2017 Emerging Market Inflows At Post-2006 Peak

Data Points To Seventh Straight Week Of Strong Inflows

According to EPFR Global, flows into global emerging market funds (GEMs) are currently averaging $2billion and more.

GEM equity funds received $2.4 billion of inflows last week after $1.87 billion and $954 million in the prior two weeks; this was the seventh consecutive week of inflows (totaling $14.5 billion). In net terms, all of the past week’s inflows went to dedicated GEM funds ($2.4 billionn), a 17th consecutive week of inflows.

By region, small inflows to Asia ex-Japan funds ($174 million) nearly offset (even smaller) outflows from Latin America (-$124million) and EMEA funds (-$73 million).

Looking at specific countries, India and China reported the largest inflows for a third week in a row, followed by Taiwan, Korea and Brazil. Both ETF and LO funds are also enjoying the inflow streak Last week, GEM ETFs saw inflows of $1.4 billion – double the inflow of $715 million a week earlier – while inflows into long only (LO) funds slowed slightly to $948mm (vs $1.16 million in the prior week).

Since the start of the year ETFs ($15.9 billion, 6%/of assets under management) have seen significantly larger inflows than LOs ($4.5 billion, at 0.8%/AUM). “However, the distribution of flows between the two types of funds during the current inflow streak has become relatively more favorable for LOs, which account for over one-third of the $14.5 billion of inflows in the past seven weeks,” Geoff Dennis, strategist with investment bank UBS wrote in a note to clients on May 5th.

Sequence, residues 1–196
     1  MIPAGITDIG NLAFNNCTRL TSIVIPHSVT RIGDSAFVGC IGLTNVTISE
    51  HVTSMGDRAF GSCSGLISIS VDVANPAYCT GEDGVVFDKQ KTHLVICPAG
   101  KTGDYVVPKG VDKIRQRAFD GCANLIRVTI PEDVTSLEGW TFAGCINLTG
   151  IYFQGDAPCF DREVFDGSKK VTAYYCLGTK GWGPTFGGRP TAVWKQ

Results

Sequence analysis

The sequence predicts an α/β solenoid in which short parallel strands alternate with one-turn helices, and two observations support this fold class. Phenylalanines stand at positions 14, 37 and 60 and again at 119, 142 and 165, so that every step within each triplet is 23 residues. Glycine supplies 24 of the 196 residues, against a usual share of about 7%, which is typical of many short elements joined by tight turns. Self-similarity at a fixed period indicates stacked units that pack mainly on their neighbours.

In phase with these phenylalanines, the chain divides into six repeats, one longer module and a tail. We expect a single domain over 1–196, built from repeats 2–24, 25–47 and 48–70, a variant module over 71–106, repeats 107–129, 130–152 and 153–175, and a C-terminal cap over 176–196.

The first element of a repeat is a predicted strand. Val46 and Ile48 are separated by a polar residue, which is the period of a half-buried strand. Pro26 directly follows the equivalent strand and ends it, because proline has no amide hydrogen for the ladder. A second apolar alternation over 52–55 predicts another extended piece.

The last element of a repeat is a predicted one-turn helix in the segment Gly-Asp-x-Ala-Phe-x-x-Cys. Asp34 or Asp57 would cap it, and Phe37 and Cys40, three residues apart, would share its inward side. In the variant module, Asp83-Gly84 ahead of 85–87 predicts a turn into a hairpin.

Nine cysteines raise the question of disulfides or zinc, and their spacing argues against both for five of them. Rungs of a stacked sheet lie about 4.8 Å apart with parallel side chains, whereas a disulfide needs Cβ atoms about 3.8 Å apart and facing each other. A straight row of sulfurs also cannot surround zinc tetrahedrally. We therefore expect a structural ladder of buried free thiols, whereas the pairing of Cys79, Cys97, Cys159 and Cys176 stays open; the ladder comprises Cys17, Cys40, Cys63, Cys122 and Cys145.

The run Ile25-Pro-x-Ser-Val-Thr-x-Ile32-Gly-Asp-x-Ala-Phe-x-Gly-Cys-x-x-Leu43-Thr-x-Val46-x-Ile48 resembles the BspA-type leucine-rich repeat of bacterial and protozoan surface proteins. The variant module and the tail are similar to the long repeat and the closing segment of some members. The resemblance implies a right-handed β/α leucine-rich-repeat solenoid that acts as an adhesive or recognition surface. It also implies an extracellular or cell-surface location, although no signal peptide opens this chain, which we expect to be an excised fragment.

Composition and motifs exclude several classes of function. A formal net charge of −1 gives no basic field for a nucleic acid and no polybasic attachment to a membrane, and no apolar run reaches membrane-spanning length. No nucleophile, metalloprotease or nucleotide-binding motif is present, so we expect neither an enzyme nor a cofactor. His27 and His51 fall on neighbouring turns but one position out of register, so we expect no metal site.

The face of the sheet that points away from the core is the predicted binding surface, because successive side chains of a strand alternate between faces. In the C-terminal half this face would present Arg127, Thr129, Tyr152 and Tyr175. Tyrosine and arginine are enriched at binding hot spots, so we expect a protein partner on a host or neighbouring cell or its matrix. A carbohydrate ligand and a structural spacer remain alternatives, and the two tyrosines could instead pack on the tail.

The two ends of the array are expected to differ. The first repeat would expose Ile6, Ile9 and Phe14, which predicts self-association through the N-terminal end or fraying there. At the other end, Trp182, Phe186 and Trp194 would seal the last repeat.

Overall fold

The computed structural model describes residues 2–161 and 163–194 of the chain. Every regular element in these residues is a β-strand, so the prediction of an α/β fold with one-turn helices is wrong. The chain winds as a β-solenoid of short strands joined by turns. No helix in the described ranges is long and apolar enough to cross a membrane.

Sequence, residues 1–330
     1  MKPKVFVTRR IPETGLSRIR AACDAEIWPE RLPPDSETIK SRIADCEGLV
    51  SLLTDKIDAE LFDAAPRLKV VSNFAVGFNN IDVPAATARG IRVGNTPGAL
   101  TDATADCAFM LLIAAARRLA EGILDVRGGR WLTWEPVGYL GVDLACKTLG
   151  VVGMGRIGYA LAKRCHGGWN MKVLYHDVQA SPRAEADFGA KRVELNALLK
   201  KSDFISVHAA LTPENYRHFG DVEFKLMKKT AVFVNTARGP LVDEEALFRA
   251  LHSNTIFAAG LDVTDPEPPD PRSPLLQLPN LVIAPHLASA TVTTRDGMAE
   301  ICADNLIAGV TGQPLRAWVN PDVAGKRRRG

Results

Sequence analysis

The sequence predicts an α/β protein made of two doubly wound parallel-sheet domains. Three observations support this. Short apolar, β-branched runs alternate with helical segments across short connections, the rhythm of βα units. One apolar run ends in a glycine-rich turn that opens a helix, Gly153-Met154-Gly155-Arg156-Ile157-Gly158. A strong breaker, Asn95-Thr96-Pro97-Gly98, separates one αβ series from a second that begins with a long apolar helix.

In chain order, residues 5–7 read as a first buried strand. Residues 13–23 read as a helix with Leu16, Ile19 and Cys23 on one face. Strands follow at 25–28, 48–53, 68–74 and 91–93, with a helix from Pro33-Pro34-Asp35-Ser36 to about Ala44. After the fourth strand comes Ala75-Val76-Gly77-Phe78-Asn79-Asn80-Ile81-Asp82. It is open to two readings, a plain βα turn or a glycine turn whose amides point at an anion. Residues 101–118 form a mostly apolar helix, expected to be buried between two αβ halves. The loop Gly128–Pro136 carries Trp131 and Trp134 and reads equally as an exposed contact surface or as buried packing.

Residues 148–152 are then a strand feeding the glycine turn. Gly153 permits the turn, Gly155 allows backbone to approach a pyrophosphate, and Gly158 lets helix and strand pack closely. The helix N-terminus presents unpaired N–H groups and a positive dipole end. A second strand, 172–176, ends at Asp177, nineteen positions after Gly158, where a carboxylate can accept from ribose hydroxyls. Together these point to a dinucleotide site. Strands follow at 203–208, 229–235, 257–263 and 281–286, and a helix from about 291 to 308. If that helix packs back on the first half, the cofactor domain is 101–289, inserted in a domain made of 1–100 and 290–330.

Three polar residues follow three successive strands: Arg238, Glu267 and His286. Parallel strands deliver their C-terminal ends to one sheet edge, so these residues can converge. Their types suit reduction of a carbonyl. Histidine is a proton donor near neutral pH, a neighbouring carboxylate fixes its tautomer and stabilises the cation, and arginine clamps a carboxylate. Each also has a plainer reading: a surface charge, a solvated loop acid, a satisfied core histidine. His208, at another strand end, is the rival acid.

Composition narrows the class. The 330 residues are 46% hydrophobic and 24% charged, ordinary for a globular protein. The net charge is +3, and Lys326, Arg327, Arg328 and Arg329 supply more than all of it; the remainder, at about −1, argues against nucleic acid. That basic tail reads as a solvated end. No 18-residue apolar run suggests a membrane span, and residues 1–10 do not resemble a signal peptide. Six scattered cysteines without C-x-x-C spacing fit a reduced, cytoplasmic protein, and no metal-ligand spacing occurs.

2017 Year-To-Date Inflows Exceed $20 billion (2.5%/AUM)

The current seven-week inflow spurt has lifted year-to-date cumulative inflows to $20.4 billion – the highest level for the first 18 weeks of the year since our data began in 2006 (Figure 2). These strong inflows have been almost entirely driven by flows to dedicated GEM funds ($23.9 billion, 5.5%/AUM).

Emerging market countries except Korea have seen year-to-date inflows, with 85% of the flow being absorbed by the BRICS plus Taiwan. Brazil and South Africa appear increasingly crowded–Brazil jumped two places in UBS’s positioning model rank to become the fourth most crowded emerging market. South Africa, Malaysia, Indonesia, Chile, Czech Republic and Colombia also became relatively more crowded while Qatar and Peru now appear less crowded.

“According to our flow-based model, the most crowded big markets are China, Brazil and South Africa. Korea, India, Taiwan and Russia are on the other side of the ledger,” Dennis said.

Charts: Institute of International Finance (IIF).

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